- Moved closer to work
- Quantity demanded dropped significantly (more elastic)
- U.S. car manufacturers were hurt in the 1980s, because they could not make small cars
4. Demand function has two forms
Nonlinear demand functions - have a slight curvature to them
- Nonlinear - not a straight line
- Have constant elasticity at any point along function
- P = b Qa
|Elastic Demand Curve
||Inelastic Demand Curve|
- Relatively Elastic - any movement along this line has a constant elasticity
- Tend to be flat
- A small change in price leads to a large change in quantity demanded
-µ < ED < 1
- Relativity Inelastic - any movement along this curve has a constant elasticity:
- Tend to be steep
- A large change in price leads to a small change in quantity demanded
- 1< ED < 0
|Unitary Elastic |
Unitary Elasticity- any movement along this demand curve always has an elasticity of -1.
ED = -1
Linear demand functions- a straight line
- Have an elasticity that ranges from 0 to negative infinity
- P = b - a Q
- Has two exceptions
- Perfectly inelastic - vertical demand function
- Quantity demanded does not respond to changes in price
- Perfectly elastic - horizontal demand function
- Quantity is perfectly sensitive to a change in market price
|Linear Demand Function|
|Linear (Straight line) Demand Curve|
-¥< Ed < 0
Slope: a = 0 and ED = -¥
Slope: a= ¥ and ED = 0
Total Revenue and Price Elasticity
1. Total revenue (TR)- consumers pay revenue to a business for a product or service.
Total Expenditures = Total Revenue (TR) = Q P
Example: Consumers buy 1 million pizzas for $10 each, so total expenditures = $10 million. The firms collect this money so total revenue is $10 million. Total revenue is an area under the demand function. Shown below:
- If the the market price decreases to $5 per pizza, then pizza producers collect a new rectangle for total revenue, which is light blue and yellow rectangles.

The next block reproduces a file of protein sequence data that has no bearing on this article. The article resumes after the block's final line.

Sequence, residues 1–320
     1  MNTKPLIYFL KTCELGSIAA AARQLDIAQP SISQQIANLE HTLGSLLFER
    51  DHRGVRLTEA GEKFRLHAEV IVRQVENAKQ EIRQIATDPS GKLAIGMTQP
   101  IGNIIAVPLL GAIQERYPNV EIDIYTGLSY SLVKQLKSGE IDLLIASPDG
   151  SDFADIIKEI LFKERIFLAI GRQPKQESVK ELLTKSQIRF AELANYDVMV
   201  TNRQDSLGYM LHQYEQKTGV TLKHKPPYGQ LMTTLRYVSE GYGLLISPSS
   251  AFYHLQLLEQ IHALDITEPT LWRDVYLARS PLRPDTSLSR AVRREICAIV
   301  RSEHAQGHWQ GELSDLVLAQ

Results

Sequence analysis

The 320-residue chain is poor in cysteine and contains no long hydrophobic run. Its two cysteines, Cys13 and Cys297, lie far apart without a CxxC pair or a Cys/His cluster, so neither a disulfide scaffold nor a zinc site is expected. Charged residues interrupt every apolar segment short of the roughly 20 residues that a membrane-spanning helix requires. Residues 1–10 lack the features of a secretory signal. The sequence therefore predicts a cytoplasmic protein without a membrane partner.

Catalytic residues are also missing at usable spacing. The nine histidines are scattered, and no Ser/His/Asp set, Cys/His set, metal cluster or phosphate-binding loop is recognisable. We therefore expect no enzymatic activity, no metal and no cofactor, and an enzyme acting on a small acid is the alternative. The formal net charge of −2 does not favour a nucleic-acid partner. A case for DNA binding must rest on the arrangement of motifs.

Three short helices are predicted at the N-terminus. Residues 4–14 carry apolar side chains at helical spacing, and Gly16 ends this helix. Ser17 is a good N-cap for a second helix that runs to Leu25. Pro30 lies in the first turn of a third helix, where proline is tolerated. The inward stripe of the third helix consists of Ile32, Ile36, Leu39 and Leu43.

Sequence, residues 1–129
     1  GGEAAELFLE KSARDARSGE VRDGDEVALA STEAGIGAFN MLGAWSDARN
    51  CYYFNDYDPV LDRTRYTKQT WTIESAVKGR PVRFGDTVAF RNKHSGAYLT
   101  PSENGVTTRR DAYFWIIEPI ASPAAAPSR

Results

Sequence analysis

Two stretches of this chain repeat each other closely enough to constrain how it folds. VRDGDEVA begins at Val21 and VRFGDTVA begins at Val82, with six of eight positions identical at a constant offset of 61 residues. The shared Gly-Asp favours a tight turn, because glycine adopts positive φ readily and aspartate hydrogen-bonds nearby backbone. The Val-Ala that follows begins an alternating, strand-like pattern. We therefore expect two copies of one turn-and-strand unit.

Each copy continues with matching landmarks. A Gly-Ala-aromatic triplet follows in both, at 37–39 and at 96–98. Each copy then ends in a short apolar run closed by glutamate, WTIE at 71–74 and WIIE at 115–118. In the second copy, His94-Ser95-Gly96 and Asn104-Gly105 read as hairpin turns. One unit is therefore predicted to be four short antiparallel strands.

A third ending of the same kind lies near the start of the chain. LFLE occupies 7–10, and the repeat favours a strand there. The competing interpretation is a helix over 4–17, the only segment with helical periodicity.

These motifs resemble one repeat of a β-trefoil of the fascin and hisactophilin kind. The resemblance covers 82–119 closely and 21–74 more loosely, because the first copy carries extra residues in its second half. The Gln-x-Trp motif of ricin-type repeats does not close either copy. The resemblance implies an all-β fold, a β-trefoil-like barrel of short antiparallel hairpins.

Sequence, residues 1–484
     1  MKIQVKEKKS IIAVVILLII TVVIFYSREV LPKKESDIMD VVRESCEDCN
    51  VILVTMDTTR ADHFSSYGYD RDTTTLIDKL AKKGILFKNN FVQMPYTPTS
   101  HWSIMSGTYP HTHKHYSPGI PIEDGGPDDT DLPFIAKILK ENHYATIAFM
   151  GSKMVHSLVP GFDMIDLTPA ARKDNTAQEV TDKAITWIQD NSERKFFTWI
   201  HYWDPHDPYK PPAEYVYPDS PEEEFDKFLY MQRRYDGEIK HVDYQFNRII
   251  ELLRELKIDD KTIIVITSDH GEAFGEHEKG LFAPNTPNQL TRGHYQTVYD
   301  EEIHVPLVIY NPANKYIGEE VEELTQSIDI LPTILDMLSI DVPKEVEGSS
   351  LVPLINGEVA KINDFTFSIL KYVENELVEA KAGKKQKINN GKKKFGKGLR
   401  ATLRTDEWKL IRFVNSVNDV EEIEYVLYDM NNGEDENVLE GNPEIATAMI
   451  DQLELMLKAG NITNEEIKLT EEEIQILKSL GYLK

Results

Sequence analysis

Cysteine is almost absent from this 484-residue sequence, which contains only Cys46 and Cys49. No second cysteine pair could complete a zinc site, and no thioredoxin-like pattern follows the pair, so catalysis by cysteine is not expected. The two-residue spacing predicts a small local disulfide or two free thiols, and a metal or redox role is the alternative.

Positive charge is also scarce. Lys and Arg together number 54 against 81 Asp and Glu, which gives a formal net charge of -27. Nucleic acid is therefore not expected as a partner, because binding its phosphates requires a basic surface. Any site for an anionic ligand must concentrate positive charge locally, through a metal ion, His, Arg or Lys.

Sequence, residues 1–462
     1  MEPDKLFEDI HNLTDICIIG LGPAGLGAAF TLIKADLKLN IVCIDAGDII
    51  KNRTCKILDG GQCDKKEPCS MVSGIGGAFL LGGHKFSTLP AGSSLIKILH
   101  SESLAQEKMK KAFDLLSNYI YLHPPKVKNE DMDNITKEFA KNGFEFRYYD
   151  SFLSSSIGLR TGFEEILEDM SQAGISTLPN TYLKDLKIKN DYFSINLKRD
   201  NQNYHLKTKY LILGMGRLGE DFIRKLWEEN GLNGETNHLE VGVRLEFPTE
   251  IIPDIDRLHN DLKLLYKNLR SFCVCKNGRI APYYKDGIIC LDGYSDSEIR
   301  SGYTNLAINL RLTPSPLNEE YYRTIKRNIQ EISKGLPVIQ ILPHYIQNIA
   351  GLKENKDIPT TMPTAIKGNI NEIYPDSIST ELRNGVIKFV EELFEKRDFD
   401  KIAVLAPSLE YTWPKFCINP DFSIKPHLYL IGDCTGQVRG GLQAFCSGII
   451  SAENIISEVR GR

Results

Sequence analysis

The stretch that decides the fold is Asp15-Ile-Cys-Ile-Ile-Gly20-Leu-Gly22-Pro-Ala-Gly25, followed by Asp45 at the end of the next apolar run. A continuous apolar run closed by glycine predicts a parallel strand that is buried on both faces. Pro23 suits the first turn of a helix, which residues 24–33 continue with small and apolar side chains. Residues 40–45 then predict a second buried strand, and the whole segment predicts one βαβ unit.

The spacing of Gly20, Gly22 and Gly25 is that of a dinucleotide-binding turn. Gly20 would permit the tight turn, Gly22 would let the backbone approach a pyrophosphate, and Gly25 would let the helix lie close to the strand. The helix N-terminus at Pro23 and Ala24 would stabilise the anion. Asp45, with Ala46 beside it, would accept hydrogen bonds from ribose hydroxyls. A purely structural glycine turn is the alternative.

- Because the light blue rectangle is common to both revenues for both prices, we can ignore it.
- The lower price causes a loss of the green rectangle and a gain in the yellow rectangle, causing revenue to decrease.
- We are assuming pizza is an inelastic good.
|Linear Demand Function|
|Linear Demand Function
P = b - a Q
If Q = 0, then P = b
If P = 0, then Q = b / a
TR = P Q and P = b - a Q
Substitute demand function into
total revenue function
TR = (b - a Q) Q
TR = b Q - a Q2
If Q = 0, then TR = 0
If Q = b / a, then TR = 0
max. TR where Q = b / 2 a
- When price, P, increases, quantity demanded, Q, decreases. Change in total revenue is an interaction between P and Q. How TR changes depends on elasticity.
- If demand is inelastic, an increase in price will cause total revenue to increase (and vice-versa).
- If demand is elastic, a decrease in price will cause total revenue to increase (and vice-versa).
- If demand is unitary elastic, an increase in price will cause no change in total revenue. (The price increase exactly offsets the decreases in quantity demanded).
- Example 1
- Demand for higher education is elastic. Oklahoma State University wants to maximize total revenue from the students.
- If OSU increases tuition, total revenues will decrease.